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US Women Can't Close the Pay Gap

More females graduate from college, but men still make more money

More US women are earning college degrees but that advancement in education hasn’t translated into income equality in the workplace.
More US women are earning college degrees but that advancement in education hasn’t translated into income equality in the workplace.

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Faiza Elmasry

March is Women’s History Month in the United States, an opportunity to examine how far women have come and the areas where there is still work to be done. One of these areas is employment and income, according to a recent report released by the White House.

"Women in America: Indicators of Social and Economic Well-Being" offers a look at the full measure of a woman’s life.

"It’s the first comprehensive federal report of this nature since President Kennedy appointed Eleanor Roosevelt in the early 1960s to do a report on women," says Rebecca Blank, undersecretary of economic affairs, adding the new report covers five main areas of women’s lives. "It brings together data focusing on families, education, income and employment, health, and crime and violence, and really highlights the trends of what’s happening in women’s lives across all of those domains over the last 20 to 30 years."

Compiling data from a variety of federal agencies, Blank says, revealed both positive and negative trends. Women are less likely than in the past to be the victims of violent crimes, including homicide. Women are marrying later and having fewer children than in the past. They make up 51 percent of the general population, and 57 percent of Americans over 65. Women are more likely than men to face health problems such as arthritis, obesity and depression… and are less likely to suffer from heart disease and diabetes. The report highlights significant improvement in the field of education.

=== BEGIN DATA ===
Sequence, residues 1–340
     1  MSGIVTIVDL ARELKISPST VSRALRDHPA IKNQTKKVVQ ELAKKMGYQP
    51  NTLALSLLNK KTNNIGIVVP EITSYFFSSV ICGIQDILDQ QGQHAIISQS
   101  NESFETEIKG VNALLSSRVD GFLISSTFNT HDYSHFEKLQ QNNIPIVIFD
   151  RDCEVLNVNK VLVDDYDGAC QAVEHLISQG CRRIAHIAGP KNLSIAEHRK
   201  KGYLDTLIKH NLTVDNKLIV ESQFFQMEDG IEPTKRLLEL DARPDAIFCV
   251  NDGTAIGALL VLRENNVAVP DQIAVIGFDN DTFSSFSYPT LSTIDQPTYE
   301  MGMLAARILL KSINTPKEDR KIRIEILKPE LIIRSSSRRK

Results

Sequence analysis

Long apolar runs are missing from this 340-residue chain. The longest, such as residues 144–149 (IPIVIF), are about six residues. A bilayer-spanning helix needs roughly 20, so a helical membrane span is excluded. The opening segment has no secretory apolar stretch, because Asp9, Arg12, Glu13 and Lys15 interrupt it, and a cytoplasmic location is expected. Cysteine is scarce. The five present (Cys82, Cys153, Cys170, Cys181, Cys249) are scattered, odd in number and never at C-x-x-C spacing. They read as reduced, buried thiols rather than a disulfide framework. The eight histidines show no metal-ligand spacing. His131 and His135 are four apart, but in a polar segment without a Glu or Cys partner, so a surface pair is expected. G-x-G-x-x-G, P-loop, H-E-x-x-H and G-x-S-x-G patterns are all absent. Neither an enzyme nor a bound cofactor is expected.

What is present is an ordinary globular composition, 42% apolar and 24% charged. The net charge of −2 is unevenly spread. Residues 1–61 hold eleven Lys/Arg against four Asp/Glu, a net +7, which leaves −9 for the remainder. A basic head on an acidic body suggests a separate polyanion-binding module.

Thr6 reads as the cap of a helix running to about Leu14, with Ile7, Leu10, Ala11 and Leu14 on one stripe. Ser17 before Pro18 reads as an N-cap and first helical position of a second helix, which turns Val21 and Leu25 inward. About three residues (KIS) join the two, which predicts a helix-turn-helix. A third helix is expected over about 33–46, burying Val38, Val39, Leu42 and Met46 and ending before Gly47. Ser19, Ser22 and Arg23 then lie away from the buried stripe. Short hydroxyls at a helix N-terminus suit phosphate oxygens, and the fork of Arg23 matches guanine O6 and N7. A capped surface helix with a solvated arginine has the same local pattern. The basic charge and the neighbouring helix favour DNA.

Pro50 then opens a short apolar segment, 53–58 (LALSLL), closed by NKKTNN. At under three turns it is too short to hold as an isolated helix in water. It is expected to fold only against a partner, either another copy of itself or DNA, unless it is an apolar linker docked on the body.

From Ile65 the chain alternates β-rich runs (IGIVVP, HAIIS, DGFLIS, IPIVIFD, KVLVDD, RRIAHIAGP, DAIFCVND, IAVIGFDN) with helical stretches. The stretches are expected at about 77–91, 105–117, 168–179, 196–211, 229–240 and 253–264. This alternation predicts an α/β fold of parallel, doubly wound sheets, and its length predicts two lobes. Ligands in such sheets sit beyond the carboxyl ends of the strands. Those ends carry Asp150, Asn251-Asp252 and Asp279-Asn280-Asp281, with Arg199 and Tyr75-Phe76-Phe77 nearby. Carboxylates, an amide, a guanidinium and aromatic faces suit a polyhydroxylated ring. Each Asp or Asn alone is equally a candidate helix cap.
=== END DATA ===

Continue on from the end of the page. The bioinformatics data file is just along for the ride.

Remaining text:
"There is good news in this report that suggests that women, their educational rates, are growing faster than men's," says Blank. "In fact, if you look at young women, they are graduating from college at a higher rate than young men right now in the United States. That’s true among all race and ethnic groups, not just white women."

But women’s advancement in education hasn’t translated into income equality in the workplace.  

"One reason is that they are not going into the kind of fields that are high in income producing," says Valerie Jarrett, chairwoman of the White House Council on Women and Girls, who adds that the Obama Administration wants to eliminate that wage gap. "So the president, since early on in his administration, has had an effort to encourage women and girls to go into science and technology and engineering and math."  

There are also other reasons for the pay inequity.

"When women accept a position, they often don’t negotiate the beginning salary in the same way that a man does," says Lee Ann De Reus, associate professor of women’s studies at Penn State Altoona. "This report also indicates that once women have a job, they are not likely as men to negotiate for salary increases over the years. Also, you have a lot of women who are working part time. So there are multiple reasons why women are still trying to balance work and family in a way that men are not. Part of that gets back to what it is that we think a man’s role is in the society and what we think a woman’s role is in the society."

De Reus hopes the "Women in America" report will highlight how the issues facing women today impact children, families and society as a whole.

"The bottom line is that we all win. The country wins when we’re taking care of its citizens. I think with this report indicates that we’ll do better as a nation and our future will be brighter, if we start attending to the needs of women. It will only benefit all of us."

The authors hope the information they’ve gathered in the "Women in America" report will translate into policies and initiatives to help women move forward and prepare girls for a life that’s better than what their mothers and grandmothers had.

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